Knowledge Center: Publication
Boards & Governance
European boards and sustainability: Charting the green recovery3/11/2021 Alice Breeden and Claire Skinner
As the economy has been going green, sector by sector and company by company, the pressure to act on sustainability issues is mounting on European boards every day, with governments, investors, consumers, and employees alike demanding a stronger and more urgent response to the climate crisis. Many business leaders now understand that they don’t need a sustainability strategy—they need one sustainable business strategy that integrates resilience and performance into an economic transition where investors, policy makers, and consumers are increasingly aligning around net-zero carbon emission goals. Over the past 10 to 15 years, sustainability issues have picked up speed, a trend that will only continue to grow. Entire sectors are transitioning; we are witnessing the decarbonization of power with the continued growth of renewable energy, the shift to electric vehicles, and increased developments in biodegradable plastics and plant-based foods. The exponential growth of these sectors is driven by sustainability. Sustainability is fundamentally changing the game, and the board members of many businesses across the world are asking themselves searching questions about the sustainability and resilience of their company’s business models.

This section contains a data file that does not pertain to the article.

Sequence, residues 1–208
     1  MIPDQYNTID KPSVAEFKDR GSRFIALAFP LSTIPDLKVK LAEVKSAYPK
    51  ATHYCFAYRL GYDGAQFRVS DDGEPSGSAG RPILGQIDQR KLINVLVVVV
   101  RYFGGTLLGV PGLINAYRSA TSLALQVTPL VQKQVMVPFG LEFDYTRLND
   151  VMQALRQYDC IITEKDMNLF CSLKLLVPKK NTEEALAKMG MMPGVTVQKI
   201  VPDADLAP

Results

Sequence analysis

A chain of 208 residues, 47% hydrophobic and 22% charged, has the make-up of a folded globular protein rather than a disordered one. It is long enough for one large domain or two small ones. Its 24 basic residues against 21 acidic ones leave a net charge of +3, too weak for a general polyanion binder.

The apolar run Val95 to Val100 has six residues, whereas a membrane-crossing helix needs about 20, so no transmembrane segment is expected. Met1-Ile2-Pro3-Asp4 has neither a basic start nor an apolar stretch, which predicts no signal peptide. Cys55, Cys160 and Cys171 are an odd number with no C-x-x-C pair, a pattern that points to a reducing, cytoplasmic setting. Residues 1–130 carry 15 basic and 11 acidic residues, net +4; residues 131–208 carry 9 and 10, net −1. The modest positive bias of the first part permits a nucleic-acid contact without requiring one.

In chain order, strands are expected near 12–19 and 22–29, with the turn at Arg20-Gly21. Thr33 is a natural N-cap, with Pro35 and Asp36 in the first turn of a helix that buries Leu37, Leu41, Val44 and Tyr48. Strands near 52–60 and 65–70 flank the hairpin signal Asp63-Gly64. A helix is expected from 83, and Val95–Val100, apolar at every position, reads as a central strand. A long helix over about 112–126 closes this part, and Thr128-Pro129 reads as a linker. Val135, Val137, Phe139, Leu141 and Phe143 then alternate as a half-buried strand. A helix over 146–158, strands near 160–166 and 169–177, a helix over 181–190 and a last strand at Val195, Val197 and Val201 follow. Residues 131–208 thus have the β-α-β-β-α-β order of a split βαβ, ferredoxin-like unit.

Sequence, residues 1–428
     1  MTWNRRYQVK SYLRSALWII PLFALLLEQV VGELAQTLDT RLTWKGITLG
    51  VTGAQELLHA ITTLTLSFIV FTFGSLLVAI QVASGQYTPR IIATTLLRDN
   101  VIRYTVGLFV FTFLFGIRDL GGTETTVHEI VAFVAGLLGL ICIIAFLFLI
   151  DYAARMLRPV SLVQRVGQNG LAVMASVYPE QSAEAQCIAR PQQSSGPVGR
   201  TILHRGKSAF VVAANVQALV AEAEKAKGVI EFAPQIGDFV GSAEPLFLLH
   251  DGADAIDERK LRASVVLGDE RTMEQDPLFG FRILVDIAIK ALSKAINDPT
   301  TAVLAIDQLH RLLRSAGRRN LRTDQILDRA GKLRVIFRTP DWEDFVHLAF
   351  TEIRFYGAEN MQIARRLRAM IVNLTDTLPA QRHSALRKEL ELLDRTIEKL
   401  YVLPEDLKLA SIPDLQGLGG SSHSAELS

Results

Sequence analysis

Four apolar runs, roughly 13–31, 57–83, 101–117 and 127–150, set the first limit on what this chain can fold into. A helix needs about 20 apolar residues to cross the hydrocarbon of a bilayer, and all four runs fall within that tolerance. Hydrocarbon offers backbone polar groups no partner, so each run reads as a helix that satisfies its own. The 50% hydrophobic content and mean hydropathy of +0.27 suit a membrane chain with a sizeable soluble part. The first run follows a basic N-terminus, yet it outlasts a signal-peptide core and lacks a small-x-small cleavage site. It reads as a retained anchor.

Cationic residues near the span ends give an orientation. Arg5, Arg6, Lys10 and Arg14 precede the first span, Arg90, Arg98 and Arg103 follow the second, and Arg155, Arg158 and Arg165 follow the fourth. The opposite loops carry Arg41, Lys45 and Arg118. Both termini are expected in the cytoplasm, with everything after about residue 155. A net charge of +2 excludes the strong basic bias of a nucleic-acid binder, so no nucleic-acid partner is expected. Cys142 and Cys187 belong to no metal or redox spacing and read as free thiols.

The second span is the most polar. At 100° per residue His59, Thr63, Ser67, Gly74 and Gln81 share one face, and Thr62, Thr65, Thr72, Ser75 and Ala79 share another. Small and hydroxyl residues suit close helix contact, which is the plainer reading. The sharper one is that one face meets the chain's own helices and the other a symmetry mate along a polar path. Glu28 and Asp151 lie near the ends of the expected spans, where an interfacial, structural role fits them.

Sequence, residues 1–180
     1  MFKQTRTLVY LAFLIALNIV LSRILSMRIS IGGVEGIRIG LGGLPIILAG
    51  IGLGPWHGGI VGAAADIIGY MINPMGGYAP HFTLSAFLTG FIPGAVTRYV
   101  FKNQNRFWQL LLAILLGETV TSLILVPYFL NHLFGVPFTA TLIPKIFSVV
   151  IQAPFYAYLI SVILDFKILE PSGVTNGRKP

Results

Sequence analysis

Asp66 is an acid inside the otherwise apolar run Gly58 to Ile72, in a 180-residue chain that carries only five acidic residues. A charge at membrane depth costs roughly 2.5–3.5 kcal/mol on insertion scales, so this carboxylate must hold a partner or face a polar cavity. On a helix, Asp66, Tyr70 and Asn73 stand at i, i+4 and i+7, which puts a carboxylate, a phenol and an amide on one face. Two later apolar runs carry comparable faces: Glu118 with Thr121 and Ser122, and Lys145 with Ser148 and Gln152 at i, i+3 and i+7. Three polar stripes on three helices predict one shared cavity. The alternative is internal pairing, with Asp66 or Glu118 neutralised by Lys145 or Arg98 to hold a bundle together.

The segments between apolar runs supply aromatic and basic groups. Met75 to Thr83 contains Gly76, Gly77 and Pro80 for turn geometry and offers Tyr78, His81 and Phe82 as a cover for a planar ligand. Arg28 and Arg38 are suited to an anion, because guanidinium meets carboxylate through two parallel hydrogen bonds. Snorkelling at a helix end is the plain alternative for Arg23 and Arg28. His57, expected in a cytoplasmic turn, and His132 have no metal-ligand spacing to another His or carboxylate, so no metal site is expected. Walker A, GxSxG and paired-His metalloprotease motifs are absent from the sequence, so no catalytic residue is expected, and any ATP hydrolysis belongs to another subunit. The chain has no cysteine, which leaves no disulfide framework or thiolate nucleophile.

Following the money (in this case the capital markets), it all points in the same direction: banks are investing in their own green products portfolios and investment companies and credit agencies are mandating greater transparency and disclosure across environmental, social, and governance (ESG) metrics. In his 2021 annual letter, Larry Fink, BlackRock’s CEO, points out that the reallocation of capital toward sustainability accelerated faster than he anticipated, in what he sees as an increasingly faster-paced transition toward a new economy landscape shaped by green investment strategies.1